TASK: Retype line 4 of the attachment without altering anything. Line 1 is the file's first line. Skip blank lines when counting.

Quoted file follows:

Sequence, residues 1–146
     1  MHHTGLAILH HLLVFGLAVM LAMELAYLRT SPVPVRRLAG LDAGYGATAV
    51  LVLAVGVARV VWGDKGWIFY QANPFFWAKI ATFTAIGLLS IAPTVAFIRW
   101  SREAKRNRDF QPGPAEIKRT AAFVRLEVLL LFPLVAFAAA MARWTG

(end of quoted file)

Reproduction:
   101  SREAKRNRDF QPGPAEIKRT AAFVRLEVLL LFPLVAFAAA MARWTG